Amber room


When I first mentioned that I might be going to Lithuania with my 91-year old grandmother, my husband thought for a moment and said “don’t come back with any more amber.”

Like a person told not to think about a white polar bear and only able to do so, immediately I  pictured a chair with smooth, gleaming lines of bubbled translucent gold. There would be at least one fearsome bug preserved within. Even though it would not be feasible to check an amber chair on an international flight, let alone procure and afford one molded from the prehistoric resin of long extinct trees, I could not stop myself from thinking about it.

I have taken amber for granted most of my life. I have never paid for it (nor stolen it), though possess so much I sometimes discover amber rings or broaches in random drawers. Most of it was passed down from Baltic-raised relatives, though at least one piece, ironically, is from the same husband who forbade me to buy more. (Maybe he wants to buy it for me? Probably.)

I own hand crafted “lucky” amber earrings with darker stones of varying size. I wear these on special or difficult occasions, though recently noticed several of the smaller pieces are missing. This means random bits of luck have fallen out and been ground into dust. I have amber rings I can’t wear because they were made for slimmer fingers and bold necklaces that should never come back into fashion. It is not a particularly valuable or sought after gem, but still my eye is drawn every single time to the only amber jewelry in craft stalls or hippie head shops. Amber steeps in my blood.

International treasure hunters still search for the Amber Room. It’s easy to lose a few lucky stones from a pair of earrings, but imagine misplacing an entire room made of amber, worth about $500 million today. A Prussian King gifted it to a Russian Tsar in 1716 and it was embellished and added to over the years. In 1941, Nazi troops looted Catherine Palace and disassembled the Amber Room, packing it into 27 crates. These crates were last seen in Konigsberg in 1945. Maybe the crates were destroyed in the firebombing of Konigsberg. Maybe not. I do not think even the Amber Room contained a chair made of solid amber.

I am planning to travel to Lithuania in August with my 91-year old grandmother and my father. We plan to visit the village where my mother was born and hopefully the pine forest my grandmother swore was so clean she would lie down for a nap and not have to brush herself off afterwards. I feel like an eight-year old a month before Christmas, equal parts excited and terrified the big day will never come.

The last time my grandmother proposed this trip, I didn’t take it seriously and got pregnant within the year. I could not take a baby and young child on such an adventure, nor could I leave them behind. Also, my grandmother was too old, we thought. We never thought “let’s wait 10 more years so she’s even older” but that’s what we did. She told me if she doesn’t at least try to make this trip, she’ll be really, really sad. As I looked at her old, unstamped passport and the application for a new one, I saw a path laid out so clear there was nothing left to do but start following it.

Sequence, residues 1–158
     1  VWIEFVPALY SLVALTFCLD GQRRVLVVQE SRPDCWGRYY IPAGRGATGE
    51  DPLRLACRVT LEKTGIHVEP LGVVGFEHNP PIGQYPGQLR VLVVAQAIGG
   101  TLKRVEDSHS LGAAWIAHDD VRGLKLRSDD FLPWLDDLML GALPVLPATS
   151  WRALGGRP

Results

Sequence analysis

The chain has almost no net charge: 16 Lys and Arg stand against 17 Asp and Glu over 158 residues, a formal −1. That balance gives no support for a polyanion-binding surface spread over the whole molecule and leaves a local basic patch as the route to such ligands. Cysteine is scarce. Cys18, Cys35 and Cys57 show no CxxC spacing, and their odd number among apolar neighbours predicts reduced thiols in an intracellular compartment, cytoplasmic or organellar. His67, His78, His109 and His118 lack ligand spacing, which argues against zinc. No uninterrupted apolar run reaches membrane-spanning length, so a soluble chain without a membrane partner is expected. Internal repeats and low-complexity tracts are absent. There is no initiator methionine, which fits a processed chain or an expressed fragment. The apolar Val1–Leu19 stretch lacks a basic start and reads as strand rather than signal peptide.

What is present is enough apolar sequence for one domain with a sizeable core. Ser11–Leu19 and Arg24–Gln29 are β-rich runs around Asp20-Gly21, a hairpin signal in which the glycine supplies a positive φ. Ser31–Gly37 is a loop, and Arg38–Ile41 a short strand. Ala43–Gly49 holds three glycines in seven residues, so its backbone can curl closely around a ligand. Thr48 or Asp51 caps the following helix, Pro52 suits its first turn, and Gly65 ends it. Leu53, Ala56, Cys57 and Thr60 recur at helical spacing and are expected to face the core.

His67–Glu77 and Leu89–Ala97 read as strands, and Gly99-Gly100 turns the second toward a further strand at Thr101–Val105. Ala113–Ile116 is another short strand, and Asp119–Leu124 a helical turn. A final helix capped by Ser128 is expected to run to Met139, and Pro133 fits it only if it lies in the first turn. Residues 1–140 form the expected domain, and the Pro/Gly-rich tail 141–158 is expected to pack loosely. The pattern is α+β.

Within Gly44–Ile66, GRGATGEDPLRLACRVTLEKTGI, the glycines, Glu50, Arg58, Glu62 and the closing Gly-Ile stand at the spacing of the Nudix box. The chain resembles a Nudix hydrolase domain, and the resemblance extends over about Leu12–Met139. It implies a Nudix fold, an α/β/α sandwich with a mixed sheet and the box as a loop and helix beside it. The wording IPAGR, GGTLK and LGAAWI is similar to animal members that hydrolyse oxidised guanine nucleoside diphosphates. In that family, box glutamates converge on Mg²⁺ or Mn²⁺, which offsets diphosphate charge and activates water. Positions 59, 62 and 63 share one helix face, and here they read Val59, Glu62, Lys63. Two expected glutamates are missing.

This trip is a treasure within reach but never guaranteed. A lot can go wrong any given day, exponentially more when one traveler is a nonagenarian. It will not be an easy trip (I have never thought this). Still, we see this as a chance to do something we will never be able to do again with people who won’t always be around. If we make it, how can I not bring home at least one amber-encrusted souvenir spoon or paperweight with a perpetually stunned wasp inside?

13 thoughts on “Amber room

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  1. Wow! I too have a whole lot of amber jewelry, mostly from my mother, who was born in Lithuania. We went there for 3 weeks in 1998. I didn’t want to go (inertia), but it was worth it in the end. We stayed with relatives, who pretty much set the program for where to go and what to see, mainly in Vilnius and the Kaunas area. That pine forest sounds lovely. I hope it works out for you and that you have a wonderful time.

    Liked by 1 person

  2. Apart from the beautiful colors, like honey, or really good pancake syrup, ok, now I’m hungry again, amber fossils are just cool. I was given a small piece when I was a kid, with a tiny ant-like creature in there, and I still have it. I got out a magnifying glass, and you’re right, a perpetually stunned expression – – student loan, mortgage, car payment and next thing you know…
    So this amber is a kind of a talisman, my reminder “Wake Up Step Lively Keep Moving!”
    And also, “Take It Easy with the Pancake Syrup!”
    I hope you and your grandmother have a wonderful visit, a time to treasure.

    Liked by 1 person

    1. Thanks. I used to love King’s syrup as a kid. It was amber-like in color with tiny bubbles (and bugs?) inside. I never made the connection before. Plus it had a cool lion on the label. Some days I wouldn’t mind being suddenly and perpetually frozen in time.

      Liked by 1 person

  3. This was absolutely stunning – I am enthralled. And over a month late in reading. I’ve been saving two of your posts in my inbox, and what a treat. I knew nothing of amber until I read about it here. I smile from ear to ear when I think about you and your grandma going to Lithuania – maybe your hubby wouldn’t mind if you snagged some honey-golden treasure for your biggest fan.
    I’m heading back up to read this again as well as learn more about the missing room.
    You continue to amaze and inspire me. xo


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